Currency volatility: SBP may take lead in dollar buying to improve supply-demand dynamics

LAHORE: State Bank of Pakistan (SBP) may intensify dollar buying following currency volatility that suggests improved dollar supply-demand dynamics, SBP sources told Pakistan Today.

Sources believe improved dollar supply in both open and interbank market allows the central bank to accelerate its dollar purchases and build a cushion. They say that the movement of currency in the open market was down by 6 per cent and inter-bank by 3.5 per cent in early morning trade, suggests improved dollar supply-demand dynamics.

Besides CPEC-related machinery imports, they said overvaluation of Pakistan rupee with an average of 17 per cent over 2013-18 was one of the key reasons for a significant increase in trade deficit over 2016-2018.

They said that 22 per cent devaluation of the rupee since December 2017 has reduced overvaluation to 13.5 per cent, gauged by real 9 per cent Effective Exchange Rate including devaluation in July 1208. However, they reiterated that there is a need to take further steps for additional trimming of overvaluation, which appears unsustainable as Pakistan enters into a new IMF programme.

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The market-based adjustment is reflective of the country’s external balance of payments position, which is under pressure owing to a large trade deficit, they said adding SBP expects the devaluation, interest rate increase and other measures “to contain the imbalances in the external account.”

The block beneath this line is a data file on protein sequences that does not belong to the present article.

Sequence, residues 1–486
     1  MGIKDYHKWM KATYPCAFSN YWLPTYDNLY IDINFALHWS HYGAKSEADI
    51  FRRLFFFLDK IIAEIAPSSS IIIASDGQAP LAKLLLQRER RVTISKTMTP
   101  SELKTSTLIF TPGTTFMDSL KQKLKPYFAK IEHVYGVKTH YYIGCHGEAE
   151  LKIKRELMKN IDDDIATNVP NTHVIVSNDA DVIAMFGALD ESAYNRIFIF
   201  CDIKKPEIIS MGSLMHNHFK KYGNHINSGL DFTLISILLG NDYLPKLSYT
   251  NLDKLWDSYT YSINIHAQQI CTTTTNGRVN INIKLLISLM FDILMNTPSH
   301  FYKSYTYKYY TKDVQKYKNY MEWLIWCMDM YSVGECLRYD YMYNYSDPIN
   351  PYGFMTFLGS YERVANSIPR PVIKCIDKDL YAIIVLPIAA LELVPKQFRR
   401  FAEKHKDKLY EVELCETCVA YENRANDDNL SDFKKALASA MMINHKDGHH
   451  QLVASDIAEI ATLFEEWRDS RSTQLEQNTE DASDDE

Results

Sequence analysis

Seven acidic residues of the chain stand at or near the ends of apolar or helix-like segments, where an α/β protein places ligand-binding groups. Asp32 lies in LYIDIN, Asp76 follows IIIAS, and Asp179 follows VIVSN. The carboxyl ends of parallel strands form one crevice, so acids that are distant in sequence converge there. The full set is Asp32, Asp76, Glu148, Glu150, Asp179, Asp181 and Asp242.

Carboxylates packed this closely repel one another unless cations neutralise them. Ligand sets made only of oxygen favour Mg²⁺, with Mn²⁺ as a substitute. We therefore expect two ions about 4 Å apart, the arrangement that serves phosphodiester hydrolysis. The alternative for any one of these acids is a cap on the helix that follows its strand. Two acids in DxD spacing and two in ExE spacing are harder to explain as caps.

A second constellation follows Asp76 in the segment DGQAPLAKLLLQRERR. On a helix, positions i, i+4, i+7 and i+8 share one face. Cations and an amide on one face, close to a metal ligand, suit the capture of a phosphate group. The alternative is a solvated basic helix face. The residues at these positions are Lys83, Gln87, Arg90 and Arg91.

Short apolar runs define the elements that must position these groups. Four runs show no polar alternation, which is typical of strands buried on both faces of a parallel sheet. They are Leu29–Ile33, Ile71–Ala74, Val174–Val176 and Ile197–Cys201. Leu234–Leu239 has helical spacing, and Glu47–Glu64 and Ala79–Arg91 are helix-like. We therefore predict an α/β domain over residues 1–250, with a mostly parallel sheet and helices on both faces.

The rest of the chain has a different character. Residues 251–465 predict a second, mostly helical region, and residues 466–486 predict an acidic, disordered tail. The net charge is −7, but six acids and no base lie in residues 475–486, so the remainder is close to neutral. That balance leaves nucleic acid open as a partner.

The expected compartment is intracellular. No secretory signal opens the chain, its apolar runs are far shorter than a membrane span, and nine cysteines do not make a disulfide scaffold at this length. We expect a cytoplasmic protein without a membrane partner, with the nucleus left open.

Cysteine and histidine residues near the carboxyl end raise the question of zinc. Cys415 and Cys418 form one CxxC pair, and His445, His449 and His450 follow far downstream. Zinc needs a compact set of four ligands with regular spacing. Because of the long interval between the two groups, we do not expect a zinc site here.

Some analysts expect the currency to drop further. Standard Chartered Plc cut its forecast for the rupee this month by saying the IMF may ask the authorities to weaken it even further.

Experts say Pakistan’s economic growth will slow down in 2018 for the first time in six years. The nation’s foreign-exchange reserves have dropped to the lowest in more than three years, the current-account deficit has widened, and external debt and liabilities as a percentage of gross domestic product climbed to the highest in almost six years in the first quarter.

“It was becoming increasingly difficult to manage the local currency at the current level with dropping forex reserves,’’ they said adding “The nation’s current-account deficit had become sizable and foreign debt repayment obligations were also rising.”

Pakistan’s central bank increased its policy rate to 6.5 per cent last month, the highest in almost three years, citing a deteriorating economic backdrop. They expect “ongoing pressure on Pakistan’s foreign exchange reserves, arising from the country’s large refinancing needs and its widening current account deficit”. The import cover of foreign exchange reserves has consequently fallen to less than 2.5 months, which is below the IMF’s recommended minimum adequacy level of three months, they added. They warned that moderately large and rising share of foreign currency borrowing may further expose the sovereign credit profile to sharp currency depreciation.

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